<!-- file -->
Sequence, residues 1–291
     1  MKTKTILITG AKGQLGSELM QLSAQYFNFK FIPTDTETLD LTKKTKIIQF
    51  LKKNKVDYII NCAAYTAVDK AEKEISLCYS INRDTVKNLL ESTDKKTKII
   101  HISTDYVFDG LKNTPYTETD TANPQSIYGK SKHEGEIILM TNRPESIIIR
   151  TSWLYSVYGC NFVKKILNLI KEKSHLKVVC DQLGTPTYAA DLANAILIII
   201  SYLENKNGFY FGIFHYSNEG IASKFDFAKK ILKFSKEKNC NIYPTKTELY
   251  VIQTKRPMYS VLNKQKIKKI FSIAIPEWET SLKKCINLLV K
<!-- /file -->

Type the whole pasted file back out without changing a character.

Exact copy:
Sequence, residues 1–291
     1  MKTKTILITG AKGQLGSELM QLSAQYFNFK FIPTDTETLD LTKKTKIIQF
    51  LKKNKVDYII NCAAYTAVDK AEKEISLCYS INRDTVKNLL ESTDKKTKII
   101  HISTDYVFDG LKNTPYTETD TANPQSIYGK SKHEGEIILM TNRPESIIIR
   151  TSWLYSVYGC NFVKKILNLI KEKSHLKVVC DQLGTPTYAA DLANAILIII
   201  SYLENKNGFY FGIFHYSNEG IASKFDFAKK ILKFSKEKNC NIYPTKTELY
   251  VIQTKRPMYS VLNKQKIKKI FSIAIPEWET SLKKCINLLV K